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The US Navy's Gerald R. Ford Class Aircraft Carriers (updates)"

CougarKing

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I wonder if this ship will be completed before both of the RN's new CVFs slated to be built?

Keel Laid for Newest U.S. Navy Aircraft Carrier
By DEFENSE NEWS STAFF
Published: 13 Nov 2009 17:44

Northrop Grumman Shipbuilding and the U.S. Navy marked the keel-laying of the newest aircraft carrier Nov. 14 in ceremonies at Newport News, Va.

The ship is named after Gerald R. Ford, the 38th U.S. president. Ford's daughter, Susan Ford Bales, is the ship's sponsor and authenticated the keel when her initials were welded onto a metal plate.

The carrier, numbered CVN 78, represents the first new U.S. carrier design since the 1960s. The ship will have a smaller crew than previous flattops and incorporate new technologies, including an Electro-Magnetic Aircraft Launching System, advanced arresting gear and dual-band radar.

The new ship should join the fleet in 2015.
 

Ex-Dragoon

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Nice to see the name coming back.

http://www.navytimes.com/news/2011/05/navy-next-carrier-to-be-named-for-president-kennedy-052911w/

Next carrier to be named for President Kennedy
Staff report
Posted : Sunday May 29, 2011 13:55:49 EDT
BOSTON — Navy Secretary Ray Mabus announced Sunday the next Gerald R. Ford-class aircraft carrier will be named in honor of President Kennedy.

The selection, designated CVN 79, pays tribute to his service in the Navy, in the government and to the nation.

“President John F. Kennedy exemplified the meaning of service, not just to country, but service to all humanity,” Mabus said in a Navy news release. “I am honored to have the opportunity to name the next aircraft carrier after this great sailor and inspirational leader, and to keep the rich tradition and history of USS John F. Kennedy sailing in the U.S. Fleet.”

Born in Brookline, Mass., May 29, 1917, Kennedy graduated from Harvard in 1940, and entered the Navy in October 1941.

During World War II, Kennedy took command of PT 109 at Tulagi Island in the Solomons, with a mission to intercept Japanese ships attempting to resupply their barges in New Georgia. On the morning of Aug. 2, 1943, Kennedy’s ship was struck by an enemy ship and split in half. Over the next six days, Kennedy led his crew members to safety and an eventual rescue. Kennedy received the Navy and Marine Corps Medal for the rescue of his crew and a Purple Heart for injuries he sustained when his ship was struck.

After his military service, Kennedy became a congressman representing the Boston area, was elected to the Senate in 1953 and in 1961 became the youngest person to be elected president.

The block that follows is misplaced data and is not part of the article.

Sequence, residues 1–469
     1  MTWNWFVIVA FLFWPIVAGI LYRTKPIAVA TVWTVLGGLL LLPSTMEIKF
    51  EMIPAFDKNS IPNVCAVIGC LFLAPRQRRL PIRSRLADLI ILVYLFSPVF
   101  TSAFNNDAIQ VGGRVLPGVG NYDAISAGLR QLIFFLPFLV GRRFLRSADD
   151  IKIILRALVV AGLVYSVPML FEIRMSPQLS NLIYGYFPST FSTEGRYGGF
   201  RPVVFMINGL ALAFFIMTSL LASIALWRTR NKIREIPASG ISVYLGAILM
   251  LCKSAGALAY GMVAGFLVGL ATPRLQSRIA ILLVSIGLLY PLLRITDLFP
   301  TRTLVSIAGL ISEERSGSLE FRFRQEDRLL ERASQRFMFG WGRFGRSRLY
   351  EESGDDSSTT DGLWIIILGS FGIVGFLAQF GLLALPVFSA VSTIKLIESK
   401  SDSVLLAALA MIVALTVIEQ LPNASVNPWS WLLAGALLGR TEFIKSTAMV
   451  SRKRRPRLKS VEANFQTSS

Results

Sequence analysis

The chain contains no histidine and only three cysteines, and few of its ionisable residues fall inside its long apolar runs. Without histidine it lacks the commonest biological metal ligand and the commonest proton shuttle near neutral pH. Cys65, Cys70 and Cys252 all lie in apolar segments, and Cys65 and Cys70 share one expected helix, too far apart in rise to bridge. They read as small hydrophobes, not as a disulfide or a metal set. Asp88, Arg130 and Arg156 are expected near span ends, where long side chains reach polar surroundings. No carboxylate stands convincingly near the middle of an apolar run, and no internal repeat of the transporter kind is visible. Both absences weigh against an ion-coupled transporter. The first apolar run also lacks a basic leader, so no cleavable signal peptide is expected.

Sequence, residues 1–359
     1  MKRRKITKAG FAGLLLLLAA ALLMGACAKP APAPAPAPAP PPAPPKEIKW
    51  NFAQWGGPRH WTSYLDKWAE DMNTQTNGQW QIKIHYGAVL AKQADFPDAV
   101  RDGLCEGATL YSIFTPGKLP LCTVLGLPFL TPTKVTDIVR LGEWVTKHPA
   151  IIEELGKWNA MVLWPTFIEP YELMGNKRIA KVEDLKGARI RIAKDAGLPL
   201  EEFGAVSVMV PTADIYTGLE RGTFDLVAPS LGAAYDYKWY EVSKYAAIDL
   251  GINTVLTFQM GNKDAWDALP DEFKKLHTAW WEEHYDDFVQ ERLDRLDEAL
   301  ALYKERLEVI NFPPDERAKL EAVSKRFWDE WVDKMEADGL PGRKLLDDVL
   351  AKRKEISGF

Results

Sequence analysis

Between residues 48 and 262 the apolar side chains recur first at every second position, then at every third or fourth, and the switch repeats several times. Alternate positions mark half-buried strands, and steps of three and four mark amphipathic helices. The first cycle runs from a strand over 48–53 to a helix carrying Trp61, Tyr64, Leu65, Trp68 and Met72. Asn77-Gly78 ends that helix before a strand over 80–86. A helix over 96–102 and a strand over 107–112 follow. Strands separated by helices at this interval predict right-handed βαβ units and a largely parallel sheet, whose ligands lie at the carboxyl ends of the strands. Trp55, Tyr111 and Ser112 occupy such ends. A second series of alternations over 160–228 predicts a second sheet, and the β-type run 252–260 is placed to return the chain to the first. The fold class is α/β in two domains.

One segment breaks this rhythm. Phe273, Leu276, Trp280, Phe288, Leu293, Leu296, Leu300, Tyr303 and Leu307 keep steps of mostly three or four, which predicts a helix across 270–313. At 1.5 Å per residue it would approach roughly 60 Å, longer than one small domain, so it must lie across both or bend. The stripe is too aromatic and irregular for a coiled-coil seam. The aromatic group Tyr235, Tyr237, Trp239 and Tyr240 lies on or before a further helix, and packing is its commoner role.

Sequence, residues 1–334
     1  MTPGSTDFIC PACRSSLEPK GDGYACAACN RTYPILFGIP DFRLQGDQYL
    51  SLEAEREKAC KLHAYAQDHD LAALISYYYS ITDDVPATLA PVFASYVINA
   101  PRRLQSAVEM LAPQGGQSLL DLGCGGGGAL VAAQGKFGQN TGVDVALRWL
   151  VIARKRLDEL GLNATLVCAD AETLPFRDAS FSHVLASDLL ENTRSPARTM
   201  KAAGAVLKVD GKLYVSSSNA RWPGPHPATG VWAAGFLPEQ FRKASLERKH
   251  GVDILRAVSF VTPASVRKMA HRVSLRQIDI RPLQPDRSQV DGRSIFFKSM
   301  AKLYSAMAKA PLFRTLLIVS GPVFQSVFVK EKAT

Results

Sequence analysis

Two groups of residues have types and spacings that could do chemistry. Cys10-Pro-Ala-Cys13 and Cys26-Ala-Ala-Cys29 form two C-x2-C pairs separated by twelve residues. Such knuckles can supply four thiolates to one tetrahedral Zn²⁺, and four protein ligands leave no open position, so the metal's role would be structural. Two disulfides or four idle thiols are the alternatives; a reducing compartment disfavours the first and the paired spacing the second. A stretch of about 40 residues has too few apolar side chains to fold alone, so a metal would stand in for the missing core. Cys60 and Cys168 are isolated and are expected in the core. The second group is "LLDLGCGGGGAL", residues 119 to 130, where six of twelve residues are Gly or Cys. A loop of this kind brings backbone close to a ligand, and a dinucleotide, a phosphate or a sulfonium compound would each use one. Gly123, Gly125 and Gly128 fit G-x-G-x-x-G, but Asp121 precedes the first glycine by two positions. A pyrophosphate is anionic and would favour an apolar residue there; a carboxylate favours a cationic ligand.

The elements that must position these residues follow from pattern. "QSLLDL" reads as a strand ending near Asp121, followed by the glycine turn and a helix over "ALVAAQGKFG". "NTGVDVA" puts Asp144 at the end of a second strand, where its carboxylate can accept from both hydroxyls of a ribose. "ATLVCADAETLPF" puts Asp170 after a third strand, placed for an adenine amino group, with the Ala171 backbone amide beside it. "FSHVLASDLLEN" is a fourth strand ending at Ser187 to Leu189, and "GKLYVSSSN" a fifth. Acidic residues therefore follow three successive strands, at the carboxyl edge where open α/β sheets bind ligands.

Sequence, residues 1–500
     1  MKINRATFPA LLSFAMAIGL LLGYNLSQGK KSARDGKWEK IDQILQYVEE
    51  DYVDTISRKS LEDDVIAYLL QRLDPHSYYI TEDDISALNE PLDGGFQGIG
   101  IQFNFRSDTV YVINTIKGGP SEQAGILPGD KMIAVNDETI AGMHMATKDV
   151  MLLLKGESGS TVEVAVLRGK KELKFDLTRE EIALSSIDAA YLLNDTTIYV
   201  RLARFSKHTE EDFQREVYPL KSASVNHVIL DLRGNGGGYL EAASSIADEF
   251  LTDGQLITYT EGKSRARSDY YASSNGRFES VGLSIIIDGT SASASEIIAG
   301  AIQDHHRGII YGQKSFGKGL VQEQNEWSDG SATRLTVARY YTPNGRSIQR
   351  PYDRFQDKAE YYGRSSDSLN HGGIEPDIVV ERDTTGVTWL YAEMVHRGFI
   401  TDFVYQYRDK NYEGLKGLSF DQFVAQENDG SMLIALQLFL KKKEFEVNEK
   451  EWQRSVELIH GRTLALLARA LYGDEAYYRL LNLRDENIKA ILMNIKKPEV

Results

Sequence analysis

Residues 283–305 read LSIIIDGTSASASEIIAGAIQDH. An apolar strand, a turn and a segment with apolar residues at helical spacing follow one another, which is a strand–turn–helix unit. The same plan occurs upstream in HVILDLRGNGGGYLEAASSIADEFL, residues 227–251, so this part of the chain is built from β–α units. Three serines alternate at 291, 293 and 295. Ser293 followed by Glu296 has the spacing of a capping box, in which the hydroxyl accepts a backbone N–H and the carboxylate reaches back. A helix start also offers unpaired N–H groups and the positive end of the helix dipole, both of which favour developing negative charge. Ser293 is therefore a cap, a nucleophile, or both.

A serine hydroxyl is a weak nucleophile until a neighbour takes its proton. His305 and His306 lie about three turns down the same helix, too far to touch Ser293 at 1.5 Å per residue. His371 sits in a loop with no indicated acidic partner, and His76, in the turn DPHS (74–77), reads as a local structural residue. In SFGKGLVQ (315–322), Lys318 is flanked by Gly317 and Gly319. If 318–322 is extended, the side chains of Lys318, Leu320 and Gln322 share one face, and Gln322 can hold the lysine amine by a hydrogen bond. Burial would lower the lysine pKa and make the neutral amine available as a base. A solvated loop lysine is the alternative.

One previous aircraft carrier, CV 67, was named in Kennedy’s honor. It was decommissioned in 2007 after nearly 40 years of service, including Operation Desert Storm.

The ship will be constructed at Newport News Shipbuilding, Va.
 

CougarKing

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An update of the ship's construction so far:

USS GERALD R. FORD: Check Out The Construction Of The Most Expensive Ship Ever

See images of USS Gerald R. Ford...


Business Insider link

even-with-the-extra-fuel-and-weapons-needed-to-keep-that-pace-the-ford-is-equipped-to-remain-at-sea-without-replenishment-for-months-at-a-time.jpg


Plus info on the other ships of the class:

Current Named Ships of the Gerald Ford class are:

CVN78- USS Gerald Ford
CVN79- USS John F. Kennedy
and
CVN-80- USS Enterprise

Source link
 

CougarKing

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The Ford's hull meets water for the first time...

1381649_637655799612569_421547646_n.jpg


Defense News blog

It was a rainy Oct. 11 at Newport News Shipbuilding in Newport News, Va., but spirits remained high as the future USS GERALD R. FORD (CVN 78) was floated for the very first time. Four years after construction began in a huge graving dock, ship’s sponsor Susan Ford Bales, daughter of the late president,  pushed a series of buttons to start the flow of more than 100 million gallons of water into the dry dock.

The flooding of the dock takes place in phases during which various tests are conducted. Initially, the dock is flooded about 4 feet high to its keel blocks, wood-capped concrete pads on which the ship has been supported during construction. Once the dock is fully flooded and initial afloat testing is complete, water will be partially pumped out and the ship returned to her keel blocks in anticipation of the ship’s christening on Nov. 9. The FORD will float again about a week later when it will be moved to a pier for outfitting.

(...)

(More pics and text at the link)
 

tomahawk6

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A few more images.

131011_N_KK576_015.jpg


NEWPORT NEWS, Va. (Oct. 11, 2013) Newport News Shipbuilding begins flooding Dry Dock 12 to float the first in class aircraft carrier, Pre-Commissioning Unit Gerald R. Ford (CVN 78). (U.S. Navy photo by Mass Communication Specialist 1st Class Joshua J. Wahl/Released)

131011_N_KK576_013.jpg


 

CougarKing

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More on the USS Gerald R. Ford's upcoming launch:

Military.com

The USS Gerald R. Ford, the nation's first Ford Class aircraft carrier, is readying for christening on Nov. 9 and a rigorous set of tests and evaluations after that.

The 77-ton, next-generation carrier is slated for 27 months of assessments before it's commissioned for service in 2016, service officials said.  "This is going to the most challenging and integrated test program the Navy has ever faced," said Rear Adm. Tom Moore, Program Executive Officer, Carriers. "Ford has a level of integration that no other ship has ever had. Because the ship is all electric, almost every system on that ship is integrated in some way."

(...)
 

Oldgateboatdriver

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I think somebody goofed: The ORCA's are more than 77 tons.

Last time I checked, the FORD was to be larger than 110,000 tons.
 

cupper

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Oldgateboatdriver said:
I think somebody goofed: The ORCA's are more than 77 tons.

Last time I checked, the FORD was to be larger than 110,000 tons.

Hell, the crew alone would be in the range of 375 tons.

(500 Officers + 3800 Enlisted) * 175 lb (avg) = 376 tons
 

Oldgateboatdriver

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Again, that must be a typo: I would hope that 77 meters would be the flight deck's width, not length, which should be closer to 315 meters.
 

tomahawk6